When They Ring the Golden Bells

Sunday, November 20th, 2011

Friendship is unnecessary, like philosophy, like art... It has no survival value; rather it is one of those things that give value to survival. ~C.S. Lewis

Last night, we gathered in the home of the dearest of friends for an evening of music and fellowship. It was a celebration of God’s bounty in our lives, the most treasured and notable of which were the people that filled the rooms of our friends’ new-old house. With each year that passes, we take these loved faces less and less for granted. I seriously do not know what I would do without them, such trusted companions of sunshine and shadow, and I can hardly even begin to thank God for their influence in my life.

Every person there was a beautiful sight to my eyes. Some of the friendships represented were brand new, bright with lovely promise, while others were of a lifetime’s duration. Parents and siblings filled the circle, and the angel-fresh faces of three little girls whom Philip and I love with a devotion akin to servitude.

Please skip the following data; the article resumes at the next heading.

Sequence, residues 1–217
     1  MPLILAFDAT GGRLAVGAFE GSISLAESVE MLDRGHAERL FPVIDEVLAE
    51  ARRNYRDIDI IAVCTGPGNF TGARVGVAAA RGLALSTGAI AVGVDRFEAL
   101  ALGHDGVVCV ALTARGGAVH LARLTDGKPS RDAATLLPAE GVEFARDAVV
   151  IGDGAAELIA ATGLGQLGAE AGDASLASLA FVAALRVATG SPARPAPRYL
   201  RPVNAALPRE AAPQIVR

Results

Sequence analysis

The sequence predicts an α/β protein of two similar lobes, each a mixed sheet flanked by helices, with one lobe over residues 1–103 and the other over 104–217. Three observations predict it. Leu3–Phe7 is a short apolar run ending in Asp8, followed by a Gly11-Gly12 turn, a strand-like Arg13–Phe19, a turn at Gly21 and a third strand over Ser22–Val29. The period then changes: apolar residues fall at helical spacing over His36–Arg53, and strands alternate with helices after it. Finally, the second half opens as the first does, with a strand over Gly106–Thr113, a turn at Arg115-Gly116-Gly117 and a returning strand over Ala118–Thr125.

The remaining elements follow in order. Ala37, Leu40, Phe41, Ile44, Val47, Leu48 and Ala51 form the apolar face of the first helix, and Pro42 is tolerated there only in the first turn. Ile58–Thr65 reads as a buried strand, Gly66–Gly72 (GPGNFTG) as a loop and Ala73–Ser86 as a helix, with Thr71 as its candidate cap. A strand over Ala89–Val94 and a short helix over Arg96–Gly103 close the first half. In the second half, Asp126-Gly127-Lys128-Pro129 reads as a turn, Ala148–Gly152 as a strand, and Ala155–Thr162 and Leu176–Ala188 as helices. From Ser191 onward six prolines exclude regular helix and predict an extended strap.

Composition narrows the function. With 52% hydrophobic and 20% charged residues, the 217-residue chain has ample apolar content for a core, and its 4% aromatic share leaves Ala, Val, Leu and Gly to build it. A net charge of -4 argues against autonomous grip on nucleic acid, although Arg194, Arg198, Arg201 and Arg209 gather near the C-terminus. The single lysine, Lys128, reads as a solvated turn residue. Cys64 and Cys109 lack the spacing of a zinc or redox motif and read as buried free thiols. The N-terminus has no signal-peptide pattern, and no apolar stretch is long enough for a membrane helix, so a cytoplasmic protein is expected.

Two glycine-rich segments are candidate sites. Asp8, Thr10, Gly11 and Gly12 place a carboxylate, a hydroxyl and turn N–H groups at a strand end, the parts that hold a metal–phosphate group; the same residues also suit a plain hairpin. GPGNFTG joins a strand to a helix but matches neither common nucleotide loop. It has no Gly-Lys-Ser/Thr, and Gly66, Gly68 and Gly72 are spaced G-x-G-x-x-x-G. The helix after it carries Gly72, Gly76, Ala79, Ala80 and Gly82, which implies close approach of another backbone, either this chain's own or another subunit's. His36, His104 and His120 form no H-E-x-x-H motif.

My friends and I sang some of the old favorites in our repertoire, with a couple of Early American “shape note” songs as an eager hat-tip to Christmas. There were readings of original poetry and essay, an exquisite selection on classical guitar, and a husband and wife duo that literally broke our hearts with the sheer beauty of their oneness expressed in words and music. The kind of music that makes you smile with your eyes full of tears.

At the end of our little program, before the ‘congregational singing’, my friend Rachel and I sang a piece that is very dear to both of our hearts, “When They Ring the Golden Bells”. I had come across a version of it years ago, a collaboration between Natalie Merchant and Karen Peris, and was immediately struck by both the beauty and the familiarity of it. I had always wanted to learn it with Rach, and we did play around with it a bit. But when my grandmother died, Rachel agreed to do the song with me at her funeral, and it was while we were practicing it that I made the connection where I had first heard it–at Rachel’s wedding, of all things. It was such a sudden, poignant illustration to me of the sweet brevity of our days, and of the glorious perspective on life and death held out to us in the Gospel. When we sang this song together at my little grandmother’s funeral, with my brother accompanying us on the guitar, all I could think about was the great Marriage Feast that was awaiting.  The real end of the Story.